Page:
This section is written in past-tense passive voice, which is common for materials and methods sections. Another appropriate style would be past-tense active voice. The first sentence, re-written in active voice, could read like this: “In order to measure the photosynthetic activity of Elodea canadensis, we dark-adapted many 10 cm sprigs by depriving them of light for a minimum of four hours.”

Example 5.18.16. Experimental Section: Chemistry.

General. All reagents and solvents were obtained from commercial suppliers and used without further purification. All reactions were performed at room temperature and atmospheric pressure unless otherwise noted.
Unknown Cation Determination. Solutions of 0.10 M sodium sulfate, sodium phosphate, sodium chromate (10 drops each), and sodium molybdate (20 drops) were added to individual wells in a 24-well plate, followed by 10 drops of a solution of unknown salt (0.50 g) in deionized water (5 mL). The resulting solutions in the well plates were gently stirred by rotating the plate in circles. The wells were examined against a black background for the appearance of precipitates. A flame test was performed by dipping a wire loop into the solution of unknown salt, holding the loop in a Bunsen burner flame, and noting the color of the resulting flame.
Unknown Anion Determination. Solutions of bromine, chlorine, and iodine were prepared in three separate test tubes and mixed vigorously. The bromine solution was orange and composed of 10 drops of 6M KBr solution, 20 drops of hexane, 2 drops of 6M \(\text{H}_2\text{SO}_4\) and 3 drops \(\text{H}_2\text{O}_2\) (3%). The yellow chlorine solution was prepared with 10 drops of (5%) NaClO solution, 20 drops of hexane, and 5 drops 6M HCl. Finally, the iodine solution was purple and composed of 10 drops 6M KI solution, 20 drops of hexane, 2 drops 6M \(\text{H}_2\text{SO}_4\) and 3 drops \(\text{H}_2\text{O}_2\) (3%). A small amount of the unknown salt, covering just the tip of the spatula was added to each test tube. The mixtures were shaken vigorously until the halide ion mixed with the halogen in the hexane layer. The color of the hexane layer either changed or remained the same depending on if a reaction occurred. By comparing the colors of previous mixed solutions, the unknown anion was identified through color matching.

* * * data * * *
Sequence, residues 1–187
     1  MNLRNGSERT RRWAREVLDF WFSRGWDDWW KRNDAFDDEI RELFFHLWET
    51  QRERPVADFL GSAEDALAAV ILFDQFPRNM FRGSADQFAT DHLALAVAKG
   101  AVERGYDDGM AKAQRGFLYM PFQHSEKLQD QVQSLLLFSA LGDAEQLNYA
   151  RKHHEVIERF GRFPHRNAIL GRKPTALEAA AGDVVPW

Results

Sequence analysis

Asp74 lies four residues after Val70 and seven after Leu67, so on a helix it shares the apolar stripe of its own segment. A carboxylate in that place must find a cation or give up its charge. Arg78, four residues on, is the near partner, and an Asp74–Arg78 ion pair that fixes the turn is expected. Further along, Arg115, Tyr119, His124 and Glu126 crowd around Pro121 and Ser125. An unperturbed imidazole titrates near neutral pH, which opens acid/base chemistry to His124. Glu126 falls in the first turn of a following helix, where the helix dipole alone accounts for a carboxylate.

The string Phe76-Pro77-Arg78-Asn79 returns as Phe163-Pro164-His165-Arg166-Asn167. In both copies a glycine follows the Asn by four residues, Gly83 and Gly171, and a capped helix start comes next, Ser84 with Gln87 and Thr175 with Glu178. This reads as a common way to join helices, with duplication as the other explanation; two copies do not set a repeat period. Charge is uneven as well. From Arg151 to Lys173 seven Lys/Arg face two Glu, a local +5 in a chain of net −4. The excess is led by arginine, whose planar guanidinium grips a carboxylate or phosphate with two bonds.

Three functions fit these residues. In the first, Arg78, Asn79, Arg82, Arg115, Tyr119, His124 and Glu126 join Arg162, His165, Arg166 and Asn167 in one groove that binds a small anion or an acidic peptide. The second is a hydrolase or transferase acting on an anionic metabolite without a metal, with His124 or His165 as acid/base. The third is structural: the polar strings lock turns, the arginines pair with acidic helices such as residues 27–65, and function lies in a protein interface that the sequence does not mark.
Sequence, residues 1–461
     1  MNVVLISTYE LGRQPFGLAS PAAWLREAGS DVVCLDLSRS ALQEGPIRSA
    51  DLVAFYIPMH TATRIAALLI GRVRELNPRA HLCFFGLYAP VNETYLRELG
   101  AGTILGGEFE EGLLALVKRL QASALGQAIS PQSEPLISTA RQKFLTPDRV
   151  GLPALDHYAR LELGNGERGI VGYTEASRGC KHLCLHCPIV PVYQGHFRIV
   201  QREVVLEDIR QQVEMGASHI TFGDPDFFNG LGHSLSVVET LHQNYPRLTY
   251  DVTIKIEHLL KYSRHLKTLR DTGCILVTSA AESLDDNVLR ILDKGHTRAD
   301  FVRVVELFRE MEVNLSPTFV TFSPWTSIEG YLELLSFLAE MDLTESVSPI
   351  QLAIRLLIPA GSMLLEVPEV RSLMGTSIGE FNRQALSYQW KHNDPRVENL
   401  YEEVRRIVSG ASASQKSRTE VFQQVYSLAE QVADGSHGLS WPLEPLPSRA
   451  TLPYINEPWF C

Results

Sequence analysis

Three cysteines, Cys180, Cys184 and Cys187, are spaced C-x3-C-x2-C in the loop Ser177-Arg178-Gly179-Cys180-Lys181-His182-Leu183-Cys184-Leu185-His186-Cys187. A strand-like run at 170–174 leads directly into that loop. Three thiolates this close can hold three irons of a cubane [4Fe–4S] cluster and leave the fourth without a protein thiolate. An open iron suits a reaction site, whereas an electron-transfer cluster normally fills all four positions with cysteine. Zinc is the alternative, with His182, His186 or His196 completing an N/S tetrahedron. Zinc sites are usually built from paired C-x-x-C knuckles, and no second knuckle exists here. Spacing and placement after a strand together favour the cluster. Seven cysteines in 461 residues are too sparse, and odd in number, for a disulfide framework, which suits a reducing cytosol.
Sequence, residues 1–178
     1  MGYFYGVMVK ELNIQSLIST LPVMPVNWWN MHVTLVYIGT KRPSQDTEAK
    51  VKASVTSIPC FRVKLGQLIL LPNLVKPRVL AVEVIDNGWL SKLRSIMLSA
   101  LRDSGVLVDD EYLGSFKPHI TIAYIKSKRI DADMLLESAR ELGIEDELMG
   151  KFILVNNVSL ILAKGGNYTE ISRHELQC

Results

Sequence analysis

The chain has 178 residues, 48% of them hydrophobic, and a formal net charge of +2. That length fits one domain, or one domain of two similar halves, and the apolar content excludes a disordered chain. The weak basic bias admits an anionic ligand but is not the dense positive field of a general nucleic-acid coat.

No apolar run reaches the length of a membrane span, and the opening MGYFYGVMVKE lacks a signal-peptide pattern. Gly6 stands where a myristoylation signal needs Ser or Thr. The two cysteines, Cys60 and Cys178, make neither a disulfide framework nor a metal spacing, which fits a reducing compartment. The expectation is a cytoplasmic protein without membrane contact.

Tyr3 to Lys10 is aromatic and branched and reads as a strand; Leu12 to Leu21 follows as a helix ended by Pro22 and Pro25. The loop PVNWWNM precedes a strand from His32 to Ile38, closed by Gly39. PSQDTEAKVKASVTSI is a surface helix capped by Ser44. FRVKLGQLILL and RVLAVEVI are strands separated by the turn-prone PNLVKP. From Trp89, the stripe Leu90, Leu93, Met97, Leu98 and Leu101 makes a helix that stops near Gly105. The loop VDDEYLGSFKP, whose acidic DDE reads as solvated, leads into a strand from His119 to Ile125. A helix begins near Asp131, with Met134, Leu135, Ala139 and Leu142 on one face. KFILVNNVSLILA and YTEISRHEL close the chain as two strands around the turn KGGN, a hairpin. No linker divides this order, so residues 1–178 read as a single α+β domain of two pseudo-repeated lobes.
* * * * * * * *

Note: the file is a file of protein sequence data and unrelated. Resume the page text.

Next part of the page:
In chemistry, this section is called the experimental section. It should be divided using subheadings into a “general” section and a section for each experiment, with the subheadings bolded and each followed with a period like in the example above. Each section should be about one paragraph in length. This is an example of how structure in chemistry often is a bit more rigid than in biology. Similar to the biology example, this example demonstrates an appropriate level of detail to repeat the experiment but nothing extra like the details of standard techniques or what type of glassware the author used. For chemistry, it’s important to include the concentrations and exact quantities of reagents and their physical state (gas, aqueous, etc.). Also include details like the source of reagents and temperature and pressure, as they can impact outcomes.
This section is written in past tense passive voice. This is conventional for chemistry experimental sections. It is also conventional to avoid starting sentences with numbers.